It’s quiet now, an early morning after a late night. I could have gotten my youngest to bed by 9 but he wanted to read more of Watership Down because we’re near the climax of the story and he wants to find out which of the Sandleforde rabbits die in the final battle. He’s not worried about it. To the contrary, he wants at least one or two of them to die. He loves all of them but he’s pragmatic about the really big stuff in life. He can feel the intensity of what’s coming and he knows that in real life, few of them would escape with their lives.
He and my middle son apply this same pragmatism to the COVID 19 situation. They talk about the numbers each day and how it won’t be long before we know people who have it, people who die from it. And maybe it’s like my ex said to me last night: they are still young enough to only be able to grasp some of what’s happening and in a mostly conceptual way.
For me it’s almost exactly the opposite. I can’t seem to understand the meaning of the curve on the contraction deaths graph. I see it rising sharply, I read the numbers daily and a few stories about how New York City’s being impacted and I can’t get my head around it. But I can feel it. When I get home from the rare trips to the store, there’s a tremor in my hands I can’t control. I sit in the car and take long breaths as though I’ve just avoided a fatal car accident. It’s an eerie experience to leave the house, passing no one on the way to car, then drive down streets that are almost empty. The stores are strangely quiet, the beeps of the self-checkouts seem loud against the lack of human voices. There are people shopping but almost no one’s talking.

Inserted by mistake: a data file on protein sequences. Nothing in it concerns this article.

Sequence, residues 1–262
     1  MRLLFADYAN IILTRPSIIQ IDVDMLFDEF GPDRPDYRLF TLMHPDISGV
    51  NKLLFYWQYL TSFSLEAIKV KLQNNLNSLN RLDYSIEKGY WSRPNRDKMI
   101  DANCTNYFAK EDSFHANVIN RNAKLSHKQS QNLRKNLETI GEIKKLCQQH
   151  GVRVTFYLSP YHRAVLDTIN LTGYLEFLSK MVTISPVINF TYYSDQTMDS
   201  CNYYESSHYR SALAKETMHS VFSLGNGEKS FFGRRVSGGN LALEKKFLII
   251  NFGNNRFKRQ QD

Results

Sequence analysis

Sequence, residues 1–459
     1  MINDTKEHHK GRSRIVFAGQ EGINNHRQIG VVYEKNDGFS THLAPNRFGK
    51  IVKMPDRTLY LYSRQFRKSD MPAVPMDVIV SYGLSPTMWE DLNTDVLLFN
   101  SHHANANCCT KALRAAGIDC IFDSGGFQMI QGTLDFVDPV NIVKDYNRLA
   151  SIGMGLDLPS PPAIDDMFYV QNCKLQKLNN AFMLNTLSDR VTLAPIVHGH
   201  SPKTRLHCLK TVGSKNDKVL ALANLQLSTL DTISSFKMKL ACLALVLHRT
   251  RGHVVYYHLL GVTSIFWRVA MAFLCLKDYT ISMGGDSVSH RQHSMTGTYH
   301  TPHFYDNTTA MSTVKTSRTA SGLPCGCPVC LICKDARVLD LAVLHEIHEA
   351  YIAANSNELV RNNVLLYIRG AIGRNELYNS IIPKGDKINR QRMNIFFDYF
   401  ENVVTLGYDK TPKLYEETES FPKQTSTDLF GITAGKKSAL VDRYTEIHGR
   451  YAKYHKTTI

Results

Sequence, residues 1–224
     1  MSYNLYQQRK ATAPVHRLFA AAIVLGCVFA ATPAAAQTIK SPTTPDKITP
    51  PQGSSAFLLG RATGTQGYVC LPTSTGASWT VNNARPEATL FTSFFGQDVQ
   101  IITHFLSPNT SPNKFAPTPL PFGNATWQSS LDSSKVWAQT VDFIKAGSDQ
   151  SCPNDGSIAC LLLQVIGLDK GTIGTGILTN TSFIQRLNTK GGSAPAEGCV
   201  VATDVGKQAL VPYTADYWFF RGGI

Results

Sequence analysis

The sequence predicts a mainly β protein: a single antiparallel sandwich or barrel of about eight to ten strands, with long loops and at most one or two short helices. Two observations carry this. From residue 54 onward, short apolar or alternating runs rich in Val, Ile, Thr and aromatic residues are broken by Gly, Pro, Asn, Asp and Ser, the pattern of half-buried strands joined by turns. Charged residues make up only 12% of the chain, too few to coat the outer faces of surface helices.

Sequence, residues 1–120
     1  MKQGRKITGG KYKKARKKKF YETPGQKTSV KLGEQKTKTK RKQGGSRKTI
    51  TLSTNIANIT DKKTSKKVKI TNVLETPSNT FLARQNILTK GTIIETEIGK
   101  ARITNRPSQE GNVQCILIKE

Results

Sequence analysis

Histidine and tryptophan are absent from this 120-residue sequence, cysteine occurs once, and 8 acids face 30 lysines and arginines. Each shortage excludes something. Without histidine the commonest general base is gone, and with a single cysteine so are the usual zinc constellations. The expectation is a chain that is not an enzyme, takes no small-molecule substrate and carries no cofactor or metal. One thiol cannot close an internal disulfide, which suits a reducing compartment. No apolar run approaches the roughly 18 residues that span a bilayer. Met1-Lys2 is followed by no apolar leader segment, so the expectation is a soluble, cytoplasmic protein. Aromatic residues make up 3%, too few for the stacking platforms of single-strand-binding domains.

This morning, as I stood out on my silent porch in the darkness, I remembered that I’ve often stood in the quiet of midnight or morning and wondered what that silence would feel like if the sun were shining down on an apocalypse. Like many survivors of incest and violence, I’ve had apocalyptic dreams for as long as I can remember. Walls of water looming above, about to break down on me and the city I live in. Vampires. Bloody alien invasions. Nuclear bombs. The level of panic in those dreams mirrored what I felt in waking hours for no reason other than my amped up nervous system, a direct result of the neurological impact of ongoing abuse and massive uncertainty.
I get it, a pandemic is not apocalyptic on its own. But we are currently on the edge of massive change, the likes of which we haven’t seen in this country since WWII or the Great Depression. I grew up studying those events and hearing about them from my grandparents. They were hard times, times when people had to make huge adjustments to their lives in order to survive and help others. I’m making masks for friends and families and will soon be making them for the local hospital. It’s helpful to feel useful and know that I’m making a difference.